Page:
Smoking: See What Happens to Your Body When You Quit

Heart rate and blood pressure return to normal levels 20 minutes after smoking a cigarette.

20 Minutes: Pulse and Blood Pressure

Within half an hour of your last cigarette, your heart rate and blood pressure typically drop to normal levels. That's good, because high blood pressure is known as "the silent killer" for its dangerous effects that often have no symptoms. These include heart attack, stroke, loss of vision, and more. A pulse that's too fast is harder on your heart. It can cause tiredness, dizziness, chest pain, and breathing problems.

Smoking increases your blood levels of carbon monoxide.

12 Hours: Carbon Monoxide

When you smoke, you have 3 to 15 times more of this toxic chemical in your blood than someone who doesn't smoke. At higher levels, you might have a headache, faster pulse, dizziness, or nausea. That level drops to normal less than a day after you quit. That makes room for more oxygen in your red blood cells that you need for your heart, brain, and other organs.

Heart attack risk returns to normal after 24 hours of not smoking.

24 Hours: Heart Attack Risk

Smoking is the top cause of heart attacks. Your risk goes down after just 1 day without cigarettes and continues to drop after that. If you've already had a heart attack and cut out cigarettes, you cut your chance of having another one in half.

Taste and smell return to normal 48 hours after you stop smoking.

48 Hours: Sense of Smell and Taste

Toxins in cigarette smoke kill the cells that help you taste and smell. Fortunately, these cells seem to grow back quickly when you stop smoking.

Breathing improves 72 hours after you stop smoking.

72 Hours: Bronchial Tubes

Cigarette smoke inflames these pathways through which air moves in and out of your lungs. That can make it harder to breathe. But it starts to get much better just 72 hours after you quit as the tubes start to relax. You might notice a boost in energy, too.

Blood circulation improves 2 to 12 weeks after you stop smoking.

2 to 12 Weeks: Blood Circulation

It should start to improve almost immediately, but after a couple of weeks or more you might notice even bigger improvements. You may start to feel sensations more easily, and your hands and feet will be warmer as well. Good circulation is also linked to healthier blood pressure, pulse, and blood-oxygen levels.

Lung function can improve by up to 10 percent in the months after you stop smoking.

1 to 9 months: Lung Function

Here's where you really might start to feel like you have more energy. You'll start to cough less and breathe better. Tiny hairs in your lungs called cilia start to grow back. These help clean out your lungs and lessen infection. Your lung function could go up by as much as 10%.

Heart disease and heart attack rates decrease by half when you stop smoking.

1 year: Heart Health

You risk of both heart disease and heart attack drop to about half that of a smoker. Nothing else you can do has such a dramatic effect on heart health.

The risk of certain cancers decreases by at least have in the years after you stop smoking.

2 to 5 Years: Cancer

Smoking raises your risk for certain cancers. You can help lower it again if you quit. After 5 years, your risk of mouth, throat, esophageal, and bladder cancers will be just half of what it was when you smoked. Your risk of cervical cancer will fall to that of a nonsmoker.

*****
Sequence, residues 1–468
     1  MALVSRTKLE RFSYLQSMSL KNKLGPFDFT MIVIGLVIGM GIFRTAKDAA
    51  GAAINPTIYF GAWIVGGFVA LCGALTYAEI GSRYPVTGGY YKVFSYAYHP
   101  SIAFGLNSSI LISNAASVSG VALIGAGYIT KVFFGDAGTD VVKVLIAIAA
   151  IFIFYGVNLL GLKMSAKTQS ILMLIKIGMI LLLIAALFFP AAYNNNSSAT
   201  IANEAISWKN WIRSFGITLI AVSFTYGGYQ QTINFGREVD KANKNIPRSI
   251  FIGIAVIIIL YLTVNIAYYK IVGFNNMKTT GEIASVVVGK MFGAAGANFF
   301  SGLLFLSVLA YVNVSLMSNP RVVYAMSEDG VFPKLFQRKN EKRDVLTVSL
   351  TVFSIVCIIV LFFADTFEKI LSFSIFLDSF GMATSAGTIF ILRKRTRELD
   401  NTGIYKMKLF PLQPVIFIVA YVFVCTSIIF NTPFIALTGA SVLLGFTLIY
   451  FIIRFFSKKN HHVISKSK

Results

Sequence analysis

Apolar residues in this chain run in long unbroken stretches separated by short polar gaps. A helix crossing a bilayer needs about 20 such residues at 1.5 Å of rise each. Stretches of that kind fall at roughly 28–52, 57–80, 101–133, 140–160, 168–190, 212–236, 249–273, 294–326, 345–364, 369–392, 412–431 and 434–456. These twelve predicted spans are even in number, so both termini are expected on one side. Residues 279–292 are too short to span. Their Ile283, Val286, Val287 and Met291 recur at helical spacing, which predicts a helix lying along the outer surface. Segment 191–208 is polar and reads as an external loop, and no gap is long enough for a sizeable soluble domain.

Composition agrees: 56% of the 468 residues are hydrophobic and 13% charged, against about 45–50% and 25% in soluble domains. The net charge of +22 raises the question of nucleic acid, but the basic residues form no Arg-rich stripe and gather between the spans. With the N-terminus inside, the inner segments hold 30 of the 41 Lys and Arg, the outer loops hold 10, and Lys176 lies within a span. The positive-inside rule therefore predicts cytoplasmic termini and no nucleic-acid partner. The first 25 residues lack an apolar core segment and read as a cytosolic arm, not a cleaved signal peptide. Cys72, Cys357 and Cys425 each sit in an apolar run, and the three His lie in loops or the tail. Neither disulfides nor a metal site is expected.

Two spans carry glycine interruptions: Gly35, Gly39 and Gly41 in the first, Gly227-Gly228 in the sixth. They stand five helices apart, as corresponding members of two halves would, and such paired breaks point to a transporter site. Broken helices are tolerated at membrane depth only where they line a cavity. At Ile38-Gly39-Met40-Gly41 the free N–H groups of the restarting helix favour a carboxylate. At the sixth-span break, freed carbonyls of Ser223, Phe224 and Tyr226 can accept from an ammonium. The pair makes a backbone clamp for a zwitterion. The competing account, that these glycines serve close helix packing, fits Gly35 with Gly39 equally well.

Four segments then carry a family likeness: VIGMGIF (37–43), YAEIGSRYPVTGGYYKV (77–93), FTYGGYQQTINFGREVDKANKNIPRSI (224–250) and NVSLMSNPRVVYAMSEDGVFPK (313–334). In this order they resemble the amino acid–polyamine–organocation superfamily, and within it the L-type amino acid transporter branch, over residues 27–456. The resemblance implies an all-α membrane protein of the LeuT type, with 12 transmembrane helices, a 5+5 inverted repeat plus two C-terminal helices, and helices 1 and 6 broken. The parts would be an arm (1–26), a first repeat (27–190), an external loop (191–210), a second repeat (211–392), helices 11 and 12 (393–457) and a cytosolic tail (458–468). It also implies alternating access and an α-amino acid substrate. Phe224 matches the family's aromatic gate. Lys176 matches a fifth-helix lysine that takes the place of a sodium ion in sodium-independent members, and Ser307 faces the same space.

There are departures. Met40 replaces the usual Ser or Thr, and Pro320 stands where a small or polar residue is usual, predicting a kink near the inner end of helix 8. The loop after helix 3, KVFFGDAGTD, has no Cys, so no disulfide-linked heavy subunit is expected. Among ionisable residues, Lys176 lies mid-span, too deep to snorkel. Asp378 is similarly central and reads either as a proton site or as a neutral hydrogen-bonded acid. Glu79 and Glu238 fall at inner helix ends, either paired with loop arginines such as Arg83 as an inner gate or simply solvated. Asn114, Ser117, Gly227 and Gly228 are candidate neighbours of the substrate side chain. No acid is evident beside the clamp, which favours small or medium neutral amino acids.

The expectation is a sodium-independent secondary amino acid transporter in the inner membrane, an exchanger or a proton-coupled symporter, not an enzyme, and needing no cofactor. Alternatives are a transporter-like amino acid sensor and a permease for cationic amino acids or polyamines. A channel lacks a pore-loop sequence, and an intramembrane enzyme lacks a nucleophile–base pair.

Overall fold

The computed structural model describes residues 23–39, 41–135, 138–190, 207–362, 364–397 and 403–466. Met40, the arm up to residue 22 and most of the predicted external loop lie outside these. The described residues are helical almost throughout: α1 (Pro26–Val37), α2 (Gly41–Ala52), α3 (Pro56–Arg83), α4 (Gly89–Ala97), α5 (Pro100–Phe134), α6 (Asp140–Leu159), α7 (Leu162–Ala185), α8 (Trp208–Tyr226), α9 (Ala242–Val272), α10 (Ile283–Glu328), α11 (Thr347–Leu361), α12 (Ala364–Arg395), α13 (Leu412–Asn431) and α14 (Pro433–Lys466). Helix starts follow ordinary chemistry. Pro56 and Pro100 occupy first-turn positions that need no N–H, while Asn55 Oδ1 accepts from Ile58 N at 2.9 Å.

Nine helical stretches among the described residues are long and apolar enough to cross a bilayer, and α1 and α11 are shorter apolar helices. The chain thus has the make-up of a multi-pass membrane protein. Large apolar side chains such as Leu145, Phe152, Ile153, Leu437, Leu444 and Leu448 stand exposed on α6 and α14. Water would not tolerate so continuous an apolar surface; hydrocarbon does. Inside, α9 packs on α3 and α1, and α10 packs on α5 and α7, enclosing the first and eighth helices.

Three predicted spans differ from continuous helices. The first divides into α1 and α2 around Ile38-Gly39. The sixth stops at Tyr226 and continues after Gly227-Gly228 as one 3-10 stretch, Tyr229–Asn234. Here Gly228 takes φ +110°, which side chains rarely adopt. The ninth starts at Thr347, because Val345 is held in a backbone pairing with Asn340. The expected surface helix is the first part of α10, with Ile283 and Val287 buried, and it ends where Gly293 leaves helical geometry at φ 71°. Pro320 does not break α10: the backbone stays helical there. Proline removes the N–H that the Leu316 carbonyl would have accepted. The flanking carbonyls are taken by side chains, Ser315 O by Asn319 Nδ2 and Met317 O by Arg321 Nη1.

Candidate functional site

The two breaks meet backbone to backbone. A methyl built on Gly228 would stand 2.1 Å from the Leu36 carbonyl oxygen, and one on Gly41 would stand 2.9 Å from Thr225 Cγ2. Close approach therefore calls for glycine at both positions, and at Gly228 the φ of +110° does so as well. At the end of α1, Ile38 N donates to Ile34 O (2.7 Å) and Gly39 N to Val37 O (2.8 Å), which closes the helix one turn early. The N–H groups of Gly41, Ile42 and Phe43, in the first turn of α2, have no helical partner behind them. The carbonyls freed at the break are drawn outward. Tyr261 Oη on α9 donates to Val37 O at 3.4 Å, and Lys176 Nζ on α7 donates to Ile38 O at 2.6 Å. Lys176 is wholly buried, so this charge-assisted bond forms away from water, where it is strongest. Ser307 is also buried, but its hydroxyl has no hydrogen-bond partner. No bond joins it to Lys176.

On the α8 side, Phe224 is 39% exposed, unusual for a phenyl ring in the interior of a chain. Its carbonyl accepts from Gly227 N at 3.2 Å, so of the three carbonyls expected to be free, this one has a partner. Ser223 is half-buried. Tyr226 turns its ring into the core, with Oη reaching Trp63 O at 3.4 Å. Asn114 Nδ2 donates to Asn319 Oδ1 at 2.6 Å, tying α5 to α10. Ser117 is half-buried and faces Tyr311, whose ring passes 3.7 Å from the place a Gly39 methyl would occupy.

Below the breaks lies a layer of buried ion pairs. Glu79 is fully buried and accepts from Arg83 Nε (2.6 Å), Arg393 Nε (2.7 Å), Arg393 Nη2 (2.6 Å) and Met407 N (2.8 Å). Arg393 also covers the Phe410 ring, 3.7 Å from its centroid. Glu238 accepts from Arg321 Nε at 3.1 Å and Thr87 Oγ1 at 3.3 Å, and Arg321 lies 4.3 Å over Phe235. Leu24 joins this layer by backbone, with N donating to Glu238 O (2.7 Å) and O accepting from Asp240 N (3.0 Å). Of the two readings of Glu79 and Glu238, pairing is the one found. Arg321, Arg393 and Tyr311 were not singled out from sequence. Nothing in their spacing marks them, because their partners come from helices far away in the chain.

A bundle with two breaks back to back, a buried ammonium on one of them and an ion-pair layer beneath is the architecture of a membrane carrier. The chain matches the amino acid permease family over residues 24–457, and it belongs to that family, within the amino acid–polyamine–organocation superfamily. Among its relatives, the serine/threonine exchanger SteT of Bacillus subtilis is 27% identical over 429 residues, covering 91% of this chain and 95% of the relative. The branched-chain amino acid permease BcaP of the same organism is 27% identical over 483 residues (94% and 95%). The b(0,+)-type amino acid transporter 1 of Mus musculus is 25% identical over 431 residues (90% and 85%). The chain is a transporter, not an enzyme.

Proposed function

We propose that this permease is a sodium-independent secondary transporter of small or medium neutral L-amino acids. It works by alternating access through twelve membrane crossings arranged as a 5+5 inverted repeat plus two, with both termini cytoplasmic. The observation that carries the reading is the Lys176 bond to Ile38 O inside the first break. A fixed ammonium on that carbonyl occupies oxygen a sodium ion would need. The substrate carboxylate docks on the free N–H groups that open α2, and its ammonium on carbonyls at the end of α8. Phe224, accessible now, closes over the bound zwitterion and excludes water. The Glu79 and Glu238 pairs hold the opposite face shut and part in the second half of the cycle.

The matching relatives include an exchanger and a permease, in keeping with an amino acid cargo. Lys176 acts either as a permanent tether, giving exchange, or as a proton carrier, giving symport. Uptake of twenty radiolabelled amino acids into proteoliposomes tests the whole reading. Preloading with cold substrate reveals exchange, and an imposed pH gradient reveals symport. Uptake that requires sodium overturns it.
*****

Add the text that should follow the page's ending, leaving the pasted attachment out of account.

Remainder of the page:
Smoking cessation leads to a decreased risk of blood clots and stroke.

5 Years: Stroke

Smoking speeds up the formation of blood clots that can lead to a stroke. But in as few as 5 years after you quit, your risk of stroke could fall to the same as that of someone who doesn't smoke.

Lung cancer risk decreases approximately 10 years after you stop smoking.

10 Years: Lung Cancer

That's how long it takes to cut your lung cancer risk to half that of a person who still smokes. At this time, your risk of cancer of the larynx and of the pancreas also goes down.

Smoking cessation benefits your heart.

15 Years: Heart Disease

Congratulations! You've done much to reverse the damage that cigarette smoking causes. Your risk of both heart disease and heart attack is now the same as someone who has never smoked.

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REFERENCES:

  • American Cancer Society: "Benefits of Quitting Smoking Over Time."
  • American Diabetes Association: "Foot Complications."
  • American Heart Association: "Tachycardia: Fast Heart Rate," "Why High Blood Pressure is a 'Silent Killer," "Health Threats from High Blood Pressure."
  • American Medical Association Journal of Ethics: "Health Effects of Smoking and the Benefits of Quitting."
  • British Lung Foundation: "When will I feel better if I stop smoking?"
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  • Cleveland Clinic: "Smoking."
  • Dutch National Institute for Public Health and the Environment: "Carbon monoxide (CO)."
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  • Mayo Clinic: "Bronchitis."
  • National Capital Poison Center: "Another Reason Not To Smoke: Carbon Monoxide Poisoning."
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  • Nemours Foundation: "Definition: Bronchial Tubes."
  • Respiratory Health Association: "Health Benefits of Quitting."
  • Tobacco Induced Diseases: "Effect of cigarette smoke on gustatory sensitivity, evaluation of the deficit and of the recovery time-course after smoking cessation."
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  • UnityPoint Health: "Holy Smoke! 15 Surprising Benefits of Quitting Smoking."
  • University of Rochester Medical Center: "Carbon Monoxide (Blood)."
  • World Health Organization: "Fact sheet about health benefits of smoking cessation."
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